Clemmer, at the Reuters event, also noted that the company is working with all major handset makers and mobile operating system suppliers, which would include Microsoft and its Windows Phone operating system that has been adopted by Nokia.

He claimed that NXP holds a 70% share of the NFC chip market this year, and kept to his projection that there would be about 70 million NFC chips shipped in 2011 and about double that next year from all suppliers, the NXP spokesman confirmed. The Reuters story inaccurately stated that Clemmer had projected NXP itself would ship 70 million chips this year and double that or more in 2012. Inside Secure’s CEO Rémy de Tonnac disputes the NXP estimate on market share, telling NFC Times last week, “Let’s count the chips at the end of the year.”

Clemmer also predicted that in five years, two-thirds to three-quarters of all smartphones would pack NFC.

Within a few years, much of this NFC technology in smartphones is expected to be incorporated in combination wireless chips that also support such technologies as Bluetooth, WiFi and GPS.

NXP does not produce these types of chips, which are instead made by such companies as Broadcom. It would then focus fully on secure elements to support NFC applications in the phones, Clemmer said.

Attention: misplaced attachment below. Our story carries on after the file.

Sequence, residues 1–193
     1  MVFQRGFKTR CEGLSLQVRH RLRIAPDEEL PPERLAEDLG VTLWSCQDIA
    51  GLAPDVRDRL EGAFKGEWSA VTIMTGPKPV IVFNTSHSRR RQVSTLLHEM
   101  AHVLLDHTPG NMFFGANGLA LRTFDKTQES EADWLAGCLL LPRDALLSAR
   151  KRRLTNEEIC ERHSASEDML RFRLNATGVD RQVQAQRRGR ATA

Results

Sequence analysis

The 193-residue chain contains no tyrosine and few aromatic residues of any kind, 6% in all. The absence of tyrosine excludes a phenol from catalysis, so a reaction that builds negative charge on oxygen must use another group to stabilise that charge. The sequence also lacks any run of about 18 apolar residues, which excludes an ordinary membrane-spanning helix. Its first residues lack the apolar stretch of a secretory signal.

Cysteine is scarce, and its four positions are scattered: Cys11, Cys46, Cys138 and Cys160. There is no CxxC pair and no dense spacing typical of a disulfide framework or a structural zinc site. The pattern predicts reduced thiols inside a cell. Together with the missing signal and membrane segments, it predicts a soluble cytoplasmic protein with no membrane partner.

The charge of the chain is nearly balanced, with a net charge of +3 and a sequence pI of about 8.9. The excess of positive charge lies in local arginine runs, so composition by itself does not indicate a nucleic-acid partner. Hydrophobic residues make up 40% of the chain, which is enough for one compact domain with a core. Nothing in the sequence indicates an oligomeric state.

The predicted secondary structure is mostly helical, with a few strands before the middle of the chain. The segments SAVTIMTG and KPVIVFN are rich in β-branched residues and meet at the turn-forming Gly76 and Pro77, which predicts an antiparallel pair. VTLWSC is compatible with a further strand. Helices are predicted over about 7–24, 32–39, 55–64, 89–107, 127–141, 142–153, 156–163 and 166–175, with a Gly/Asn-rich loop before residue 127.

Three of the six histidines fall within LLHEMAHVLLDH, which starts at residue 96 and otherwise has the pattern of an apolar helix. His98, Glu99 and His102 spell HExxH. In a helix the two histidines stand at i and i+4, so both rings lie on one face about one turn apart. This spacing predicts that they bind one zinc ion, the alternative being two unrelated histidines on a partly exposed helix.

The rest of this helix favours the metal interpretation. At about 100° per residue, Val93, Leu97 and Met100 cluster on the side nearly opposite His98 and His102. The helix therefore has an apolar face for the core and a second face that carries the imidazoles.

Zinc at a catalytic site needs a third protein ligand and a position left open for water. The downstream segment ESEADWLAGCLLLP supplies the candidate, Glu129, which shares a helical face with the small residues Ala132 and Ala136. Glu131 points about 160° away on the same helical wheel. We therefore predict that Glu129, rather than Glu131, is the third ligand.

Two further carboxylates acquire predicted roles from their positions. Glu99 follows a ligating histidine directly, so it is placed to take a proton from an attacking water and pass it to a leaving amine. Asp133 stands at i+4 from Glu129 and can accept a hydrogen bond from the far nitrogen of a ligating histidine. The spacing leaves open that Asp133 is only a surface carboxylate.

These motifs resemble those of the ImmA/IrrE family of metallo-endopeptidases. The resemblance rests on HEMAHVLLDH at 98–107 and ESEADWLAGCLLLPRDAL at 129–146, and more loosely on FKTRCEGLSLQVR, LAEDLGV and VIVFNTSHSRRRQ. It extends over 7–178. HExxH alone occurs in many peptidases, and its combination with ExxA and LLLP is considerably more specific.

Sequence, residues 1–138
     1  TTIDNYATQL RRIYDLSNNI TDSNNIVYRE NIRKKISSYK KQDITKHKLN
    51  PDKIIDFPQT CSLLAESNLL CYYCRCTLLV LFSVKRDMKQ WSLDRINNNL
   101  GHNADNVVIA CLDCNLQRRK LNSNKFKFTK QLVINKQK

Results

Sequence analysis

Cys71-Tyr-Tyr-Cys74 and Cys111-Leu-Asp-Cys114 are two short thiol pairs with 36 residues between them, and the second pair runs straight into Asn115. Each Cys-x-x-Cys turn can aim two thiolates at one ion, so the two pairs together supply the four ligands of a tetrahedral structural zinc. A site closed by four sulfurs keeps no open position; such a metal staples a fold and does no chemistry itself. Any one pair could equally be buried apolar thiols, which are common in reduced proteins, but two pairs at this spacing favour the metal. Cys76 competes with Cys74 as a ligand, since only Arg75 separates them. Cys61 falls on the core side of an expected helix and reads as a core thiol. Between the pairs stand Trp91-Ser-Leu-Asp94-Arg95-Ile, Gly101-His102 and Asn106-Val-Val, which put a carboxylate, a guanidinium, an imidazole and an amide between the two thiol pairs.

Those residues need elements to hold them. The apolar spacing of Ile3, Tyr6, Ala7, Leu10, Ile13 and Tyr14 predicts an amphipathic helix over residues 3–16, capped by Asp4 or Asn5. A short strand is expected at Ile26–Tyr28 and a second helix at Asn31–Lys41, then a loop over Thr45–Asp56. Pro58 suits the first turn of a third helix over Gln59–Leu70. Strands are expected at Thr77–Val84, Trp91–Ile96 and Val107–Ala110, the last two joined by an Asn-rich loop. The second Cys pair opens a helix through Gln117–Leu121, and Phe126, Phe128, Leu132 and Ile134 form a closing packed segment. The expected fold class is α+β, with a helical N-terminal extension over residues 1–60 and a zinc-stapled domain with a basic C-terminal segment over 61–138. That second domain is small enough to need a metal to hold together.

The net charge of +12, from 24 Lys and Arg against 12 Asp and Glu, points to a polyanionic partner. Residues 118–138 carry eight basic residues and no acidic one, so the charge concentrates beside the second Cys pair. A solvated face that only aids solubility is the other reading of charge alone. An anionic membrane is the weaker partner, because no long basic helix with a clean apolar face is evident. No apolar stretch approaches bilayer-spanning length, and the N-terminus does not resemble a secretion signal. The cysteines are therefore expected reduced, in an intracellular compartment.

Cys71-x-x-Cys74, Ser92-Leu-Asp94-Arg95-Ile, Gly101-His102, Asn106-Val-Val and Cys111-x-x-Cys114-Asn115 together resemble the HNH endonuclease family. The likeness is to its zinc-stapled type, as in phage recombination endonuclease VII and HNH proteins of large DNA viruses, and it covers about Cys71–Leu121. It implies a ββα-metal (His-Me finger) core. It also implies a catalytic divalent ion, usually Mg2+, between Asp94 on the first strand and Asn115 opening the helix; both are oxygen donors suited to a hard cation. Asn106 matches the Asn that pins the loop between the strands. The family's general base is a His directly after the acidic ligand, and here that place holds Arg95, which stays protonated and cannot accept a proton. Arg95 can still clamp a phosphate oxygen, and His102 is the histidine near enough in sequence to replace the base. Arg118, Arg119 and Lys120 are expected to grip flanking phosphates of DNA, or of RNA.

HEADLINE NEWS

Transport Officials in Sydney See Growing Demand for Contactless Fare Payments but Have No Plans to Retire Closed-Loop Opal

NFC TIMES Exclusive Insight – Transport officials in Australia have released figures on use of contactless payments in Sydney and New South Wales, showing that customers tap their contactless credit and debit cards and NFC devices for an average of 1.5 million transactions per week, accounting for a relatively small but respectable number of transactions.

Insight: Moovit and Cubic Betting that MaaS Can Help U.S. Transit Agencies Regain Lost Ridership

Jan 24 2020

NFC TIMES Exclusive Insight – With public transit ridership decreasing in most large U.S. cities over the past five years, transit authorities are more open to becoming part of Mobility-as-a-Service platforms, which could potentially increase ridership for their rail and bus networks while offering customers options for the first and last mile. 

Philadelphia Transit Authority Confirms Plans for Launch of Open-Loop Payments after Delays

NFC TIMES Exclusive Insight – The Southeastern Pennsylvania Transportation Authority, or SEPTA, in Philadelphia plans to introduce open-loop payments of fares, with a pilot scheduled for around June, a spokesman confirmed to NFC Times. It makes SEPTA part of a small but growing number of U.S. transit agencies that are accepting payments of fares from contactless bank cards and NFC wallets or are planning to do so.

Contactless Payments of Fares Gets Slow Start in Miami, According to Figures

NFC TIMES Exclusive – Take-up of open-loop contactless payment of fares in Miami-Dade County, Fla., has been slow so far, more than four months after transit

Mobility as a Service Continues to Get Rolling with Uber Expanding Service to Second U.S. City